Tuesday, May 3, 2011

Prelims Reading: Day One

In an effort to keep track of my thoughts while reading for my Preliminary exams, I want to try to use this space to think through some of the things I am reading. On the docket for today are two classics of criticism in my field, Joan Kelly-Gadol's "Did Women Have a Renaissance?" (1977) and David Herlihy's response, "Did Women Have a Renaissance?: A Reconsideration (1995). Kelly-Gadol posits (in part as a response to statements in Jacob Burkhardt's The Civilization of the Renaissance in Italy, which I will be reading later this summer) that gender inequality caused what was a complex series of artistic, scientific and social growths for men in Italy in the fourteenth, fifteenth, and sixteenth centuries to further the oppression of the women of this same period. She lays out the following criteria "for gauging the relative contraction (or expansion) of the powers of Renaissance women and for determining the quality of their historical experience":

1) the regulation of female sexuality, as compared with male sexuality;

2) women's economic and political roles, (i.e., the kind of work they performed as compared with men, and their access to property, political power, and the education or training necessary for work, property, and power);

3) the cultural roles of women in shaping the outlook of their society, and access to the education and/or institutions necessary for this;

4) ideology about women, in particular the sex-role system displayed or advocated in the symbolic products of the society, its art, literature, and philosophy.

I first read this article about six years ago, during the Fall semester of my Junior year in college. That was the semester I officially decided to become an Early Modernist, and was not long after I began thinking of myself as a feminist scholar. Looking back, it has definitely influenced the trajectory of my work a great deal. When I look at the above list, I can't help but notice that it begins and ends with notions of female sexuality, and that it sees fit to differentiate between the social regulations concerning sexuality and the artistic representations thereof, while formally acknowledging a link between the two. Anyone who has read anything I've ever written can attest to the influence of such a statement on my own ideology.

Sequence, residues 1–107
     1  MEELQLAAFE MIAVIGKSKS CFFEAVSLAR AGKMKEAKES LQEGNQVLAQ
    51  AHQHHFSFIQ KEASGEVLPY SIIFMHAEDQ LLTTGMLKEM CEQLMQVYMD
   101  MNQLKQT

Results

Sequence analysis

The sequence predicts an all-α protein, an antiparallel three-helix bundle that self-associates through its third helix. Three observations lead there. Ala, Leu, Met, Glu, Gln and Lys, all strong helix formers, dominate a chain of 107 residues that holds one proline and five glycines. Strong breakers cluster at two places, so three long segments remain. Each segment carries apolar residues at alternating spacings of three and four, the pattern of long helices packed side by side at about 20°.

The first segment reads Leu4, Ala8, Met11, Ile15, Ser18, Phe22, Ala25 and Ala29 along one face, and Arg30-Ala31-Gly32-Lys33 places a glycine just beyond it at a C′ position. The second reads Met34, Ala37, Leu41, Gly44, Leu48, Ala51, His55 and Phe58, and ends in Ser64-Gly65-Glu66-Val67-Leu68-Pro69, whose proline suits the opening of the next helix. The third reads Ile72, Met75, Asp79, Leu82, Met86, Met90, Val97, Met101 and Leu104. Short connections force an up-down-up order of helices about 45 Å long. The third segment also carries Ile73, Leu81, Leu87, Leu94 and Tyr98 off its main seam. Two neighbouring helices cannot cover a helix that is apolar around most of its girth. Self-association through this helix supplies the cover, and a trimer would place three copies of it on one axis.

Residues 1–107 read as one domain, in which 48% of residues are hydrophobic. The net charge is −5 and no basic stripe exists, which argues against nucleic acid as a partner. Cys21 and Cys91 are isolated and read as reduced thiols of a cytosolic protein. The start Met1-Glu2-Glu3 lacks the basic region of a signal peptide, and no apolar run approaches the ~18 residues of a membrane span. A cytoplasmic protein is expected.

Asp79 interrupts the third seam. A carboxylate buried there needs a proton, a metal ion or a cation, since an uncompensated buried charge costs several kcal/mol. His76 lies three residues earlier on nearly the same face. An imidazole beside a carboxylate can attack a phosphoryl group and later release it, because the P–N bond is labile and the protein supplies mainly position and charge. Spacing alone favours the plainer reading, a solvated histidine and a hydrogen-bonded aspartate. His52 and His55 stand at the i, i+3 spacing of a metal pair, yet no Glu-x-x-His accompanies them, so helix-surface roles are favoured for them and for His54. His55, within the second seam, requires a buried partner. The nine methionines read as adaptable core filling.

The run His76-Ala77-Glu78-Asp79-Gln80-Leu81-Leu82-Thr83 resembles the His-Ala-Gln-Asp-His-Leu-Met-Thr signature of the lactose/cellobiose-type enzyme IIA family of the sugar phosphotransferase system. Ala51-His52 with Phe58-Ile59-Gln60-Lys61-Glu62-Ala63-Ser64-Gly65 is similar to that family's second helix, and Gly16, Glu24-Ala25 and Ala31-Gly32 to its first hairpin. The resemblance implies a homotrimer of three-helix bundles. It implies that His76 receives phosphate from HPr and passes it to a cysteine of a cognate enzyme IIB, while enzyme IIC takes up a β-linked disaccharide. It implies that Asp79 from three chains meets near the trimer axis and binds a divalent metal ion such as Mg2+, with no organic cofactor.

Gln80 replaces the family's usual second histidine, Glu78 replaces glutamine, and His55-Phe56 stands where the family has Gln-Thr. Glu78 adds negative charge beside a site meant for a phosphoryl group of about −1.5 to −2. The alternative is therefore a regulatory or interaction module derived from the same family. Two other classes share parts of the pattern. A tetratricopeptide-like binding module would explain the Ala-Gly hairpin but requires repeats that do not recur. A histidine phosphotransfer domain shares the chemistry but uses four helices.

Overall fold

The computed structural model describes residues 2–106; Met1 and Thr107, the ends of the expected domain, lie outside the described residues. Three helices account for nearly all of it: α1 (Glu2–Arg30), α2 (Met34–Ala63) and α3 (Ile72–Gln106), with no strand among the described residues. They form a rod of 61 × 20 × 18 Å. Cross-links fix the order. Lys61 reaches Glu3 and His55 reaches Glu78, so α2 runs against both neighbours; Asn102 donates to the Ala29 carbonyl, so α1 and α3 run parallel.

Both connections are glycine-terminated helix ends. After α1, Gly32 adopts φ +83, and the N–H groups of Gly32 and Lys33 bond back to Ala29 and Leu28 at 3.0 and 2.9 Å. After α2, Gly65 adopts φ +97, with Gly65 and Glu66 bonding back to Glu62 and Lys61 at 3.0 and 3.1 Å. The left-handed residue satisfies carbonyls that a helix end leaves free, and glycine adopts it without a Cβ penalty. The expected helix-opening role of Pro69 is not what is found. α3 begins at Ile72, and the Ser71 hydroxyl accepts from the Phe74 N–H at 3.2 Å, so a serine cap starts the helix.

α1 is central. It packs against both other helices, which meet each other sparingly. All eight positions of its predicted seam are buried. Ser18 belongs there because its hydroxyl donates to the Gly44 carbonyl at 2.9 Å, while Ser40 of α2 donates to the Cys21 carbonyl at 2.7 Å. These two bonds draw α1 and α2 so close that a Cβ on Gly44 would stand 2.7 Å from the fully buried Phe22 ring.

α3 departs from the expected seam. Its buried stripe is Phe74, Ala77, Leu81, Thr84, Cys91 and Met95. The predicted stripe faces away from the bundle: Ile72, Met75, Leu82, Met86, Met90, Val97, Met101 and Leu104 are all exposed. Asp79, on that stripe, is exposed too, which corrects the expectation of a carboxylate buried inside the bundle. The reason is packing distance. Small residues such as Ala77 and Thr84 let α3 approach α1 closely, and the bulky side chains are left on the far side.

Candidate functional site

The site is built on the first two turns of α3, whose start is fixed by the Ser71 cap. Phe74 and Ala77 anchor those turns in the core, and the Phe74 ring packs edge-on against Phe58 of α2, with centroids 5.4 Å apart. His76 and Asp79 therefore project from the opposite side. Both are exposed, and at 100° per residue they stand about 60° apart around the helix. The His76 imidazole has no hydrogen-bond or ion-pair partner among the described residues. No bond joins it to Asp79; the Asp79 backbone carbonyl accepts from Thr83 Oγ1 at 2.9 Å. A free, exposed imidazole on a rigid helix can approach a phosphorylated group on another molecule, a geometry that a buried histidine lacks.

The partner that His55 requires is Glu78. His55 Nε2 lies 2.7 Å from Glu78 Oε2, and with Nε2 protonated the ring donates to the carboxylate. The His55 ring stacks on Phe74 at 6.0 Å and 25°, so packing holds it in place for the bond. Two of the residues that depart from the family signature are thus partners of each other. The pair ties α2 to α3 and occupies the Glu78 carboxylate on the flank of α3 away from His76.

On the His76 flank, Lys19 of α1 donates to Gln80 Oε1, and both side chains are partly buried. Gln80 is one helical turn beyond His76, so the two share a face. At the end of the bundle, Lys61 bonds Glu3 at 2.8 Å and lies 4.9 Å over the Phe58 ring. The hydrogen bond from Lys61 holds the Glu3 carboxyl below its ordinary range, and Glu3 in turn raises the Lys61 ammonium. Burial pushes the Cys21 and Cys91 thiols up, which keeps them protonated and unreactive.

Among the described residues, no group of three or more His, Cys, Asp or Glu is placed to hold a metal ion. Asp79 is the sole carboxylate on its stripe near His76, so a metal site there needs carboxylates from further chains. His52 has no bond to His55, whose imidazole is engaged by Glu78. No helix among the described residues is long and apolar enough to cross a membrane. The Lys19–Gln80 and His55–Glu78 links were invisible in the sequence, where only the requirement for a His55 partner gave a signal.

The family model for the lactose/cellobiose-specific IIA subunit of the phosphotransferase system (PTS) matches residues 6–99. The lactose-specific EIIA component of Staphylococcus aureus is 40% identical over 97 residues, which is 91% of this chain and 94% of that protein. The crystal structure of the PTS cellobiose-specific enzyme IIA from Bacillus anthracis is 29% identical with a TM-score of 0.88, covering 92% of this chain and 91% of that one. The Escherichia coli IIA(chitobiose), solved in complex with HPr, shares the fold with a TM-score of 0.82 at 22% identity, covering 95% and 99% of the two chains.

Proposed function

Kelly-Gadol goes on to note the freedom afforded women in the system of courtly love (contrast to Eve Sedgwick's thoughts in Between Men (1989), in which she asserts that women are socially erased commodities in such a system), citing the example of the female troubador, who "served her lover as a friend, not a master." She also notes that women could own property in feudal societies. The transition out of feudalism into sovereign states removes this power for Italian women, thereby showing how broader social trends are infused with notions of gender differences and create the groundwork for the patriarchal assumptions we hold about historical eras. Lastly, she performs an examination of Castiglione's The Courtier that proves it was central to aestheticizing previously powerful women, making them ornaments in their husbands' courts, patrons of poets who wrote of the goodness of kings at the behest of queens.

That's today's first article. I'll hopefully be back later with a bit on Herlihy's response.

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